As stock market benchmarks go, few are as popular and compared with than the Standard & Poor's (S&P) 500 Index.
The S&P 500 Index was created in 1957. It is a cap-weighted index consisting of 500 large-cap U.S. stocks listed on either the New York Stock Exchange or NASDAQ. According to S&P, assets invested in products indexed to the S&P 500 total nearly $1 trillion, a figure that has increased as more investors have embraced indexing as an investment strategy.
And that growing acceptance seems justified. According to fund analyst Deborah Fuhr, 81.2 percent of active large-cap managers in 2011 didn't beat the S&P 500. So basically you can invest in a managed mutual fund that charges a 1% or 2% fee or a passive exchange-traded fund with a fee of 0.5% or less, and have no greater opportunity for higher returns.
Exchange traded funds are investment funds, similar to mutual funds that trade on stock exchanges. The difference between an ETF and a mutual fund is that an ETF allows investors to trade throughout the trading day, much like a stock, while mutual funds can only be traded at the end of the day based their net asset value. Also unlike mutual funds, ETFs typically do not have sales loads or investment minimums.
Introducing S&P 500 SPDR
The first ETF linked to the S&P 500 was S&P 500 SPDR (NYSEARCA:SPY), which was founded in 1993.
Shares of SPY are currently valued in the mid $150s, with a price-to-earnings ratio of 14. The price has climbed from a low to $127 in May 2012 to a 52-week high of $159.71 set in mid April. As of mid April, the fund's year-to-date return was 11.03%, its one-year return was 17.43%, its five-year return was 5.15% and its 10-year return was 8.02%. The fund has a miniscule expense ratio of 0.09%. Its current dividend yield is 2.18%
Its largest holdings are all recognizable blue-chips, with its top 10 consisting of, in order, Apple (NASDAQ:AAPL), ExxonMobil (NYSE:XOM), General Electric (NYSE:GE), Chevron (NYSE:CVX), Google (NASDAQ:GOOG), IBM (NYSE:IBM), Johnson & Johnson (NYSE:JNJ), Microsoft (NASDAQ:MSFT), Procter & Gamble (NYSE:PG) and AT&T (NYSE:T). Its sector weightings are as follows: financials (16.82%), technology (15.51%), consumer services (12.78%), health care (11.6%), industrials (11.58%), consumer goods (11.07%), oil and gas (10.86%), and the remaining sector holdings all accounting for less than 4%.
Despite the fact that it lacks exposure to small-cap stocks, SPY has had more than a 99% correlation with the broad U.S. market and a 90% correlation to developed international stocks.
With assets of about $128 billion, SPY is one of the largest and most widely traded securities in the world. It is structured as a Unit Investment Trust (UIT). A UIT is an exchange-traded mutual fund offering a fixed, unmanaged portfolio of securities. UITs must fully replicate their underlying index, and are restricted from lending out securities that make up their portfolio.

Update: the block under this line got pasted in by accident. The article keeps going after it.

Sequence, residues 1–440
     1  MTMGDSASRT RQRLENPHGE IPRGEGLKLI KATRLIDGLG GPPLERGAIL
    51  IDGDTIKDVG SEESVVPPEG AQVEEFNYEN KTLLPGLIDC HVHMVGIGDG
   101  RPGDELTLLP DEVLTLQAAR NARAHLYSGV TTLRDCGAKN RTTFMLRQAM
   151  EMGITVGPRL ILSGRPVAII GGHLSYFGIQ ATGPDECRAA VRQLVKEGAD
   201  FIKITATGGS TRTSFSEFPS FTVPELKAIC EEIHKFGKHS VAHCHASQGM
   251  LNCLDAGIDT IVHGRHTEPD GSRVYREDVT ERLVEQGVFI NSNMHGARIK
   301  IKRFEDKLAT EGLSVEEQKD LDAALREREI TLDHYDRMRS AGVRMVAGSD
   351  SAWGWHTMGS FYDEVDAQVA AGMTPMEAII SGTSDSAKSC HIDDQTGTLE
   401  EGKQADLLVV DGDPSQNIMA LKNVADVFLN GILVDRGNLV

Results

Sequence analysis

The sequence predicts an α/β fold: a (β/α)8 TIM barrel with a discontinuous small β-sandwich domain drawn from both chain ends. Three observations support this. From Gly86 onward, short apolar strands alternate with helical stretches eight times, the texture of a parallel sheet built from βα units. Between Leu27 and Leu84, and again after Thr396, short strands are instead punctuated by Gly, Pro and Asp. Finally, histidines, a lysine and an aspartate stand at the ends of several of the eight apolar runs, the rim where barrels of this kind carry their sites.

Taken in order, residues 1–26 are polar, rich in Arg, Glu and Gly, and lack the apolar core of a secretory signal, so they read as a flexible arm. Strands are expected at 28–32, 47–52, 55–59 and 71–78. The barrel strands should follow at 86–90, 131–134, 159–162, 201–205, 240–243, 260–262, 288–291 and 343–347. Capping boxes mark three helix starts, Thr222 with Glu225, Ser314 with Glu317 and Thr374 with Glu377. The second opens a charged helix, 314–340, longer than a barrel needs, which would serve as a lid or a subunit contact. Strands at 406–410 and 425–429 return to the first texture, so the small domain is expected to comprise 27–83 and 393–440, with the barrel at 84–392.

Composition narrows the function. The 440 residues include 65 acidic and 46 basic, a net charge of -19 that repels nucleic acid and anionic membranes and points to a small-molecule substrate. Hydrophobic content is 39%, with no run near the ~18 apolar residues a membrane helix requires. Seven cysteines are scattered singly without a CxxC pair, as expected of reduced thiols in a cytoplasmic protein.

According to SPYs prospectus, the ETF pays dividends four times annually, on the last business day of April, July, October and January. Because SPY is a UIT, the fund cannot reinvest those dividends. Instead, it must hold them in cash until they are scheduled to be distributed to SPY shareholders.
SPYs proponents believe the ETF is appropriate for investors seeking broad exposure to U.S. markets. Because of its link to the S&P 500, it focuses on large-cap stocks, yet is highly diversified with exposure to both growth stocks and value equities. Moreover investors do not have to worry about individual company specific factors such as performance, management, future prospects and valuation.
Other S&P 500 ETFs
Two other ETFs that also seek to mirror the S&P 500 Index:
iShares S&P 500 Index Fund (IVV)
Launched in 2000, IVV has the same 0.09% expense fee as SPY, and has identical company and sector weightings within its holdings. The key difference between IVV and SPY is that the former has an open-ended structure, providing more flexibility to the fund manager. Though it generally replicates the underlying index very closely, IVV is permitted to use derivatives, portfolio sampling strategies, and lend out portfolio securities to generate additional income. It also allows for the immediate reinvestment of dividends, potentially resulting in enhanced returns during bull markets.
Vanguard S&P 500 ETF (VOO)
This fund was founded in September 2010. It has a lower expense fee than the other two at 0.05%. Its holdings differ slightly, as it is more weighted in technology (16.45%) than the others. The key differentiator of this fund is that Vanguard maintains a patent that allows it to offer ETFs as share class within larger index funds that also offer retail and institutional share classes, which accounts for its lower expense ratio. Its structure also has added tax benefits, as Vanguard can sell high cost-basis securities to generate a capital loss to offset capital gains within the fund.
ETFs have also been created that are loosely linked to the S&P 500 with some key variations. Examples of those include:
PowerShares S&P 500 High Beta Portfolio (NYSEARCA:SPHB) holds 100 stocks from the S&P 500 Index deemed to have the highest sensitivity to market movements over the trailing 12-month period.
PowerShares S&P 500 Low Volatility Portfolio (NYSEARCA:SPLV) holds 100 stocks from the S&P 500 Index deemed to have the lowest realized volatility over the trailing 12-month period.
Guggenheim S&P 500 Pure Growth ETF (NYSEARCA:RPG) contains only S&P 500 companies with the strongest growth characteristics.
Disclosure: I have no positions in any stocks mentioned, and no plans to initiate any positions within the next 72 hours.
Business relationship disclosure: This article was written by an analyst at Catalyst Investments.
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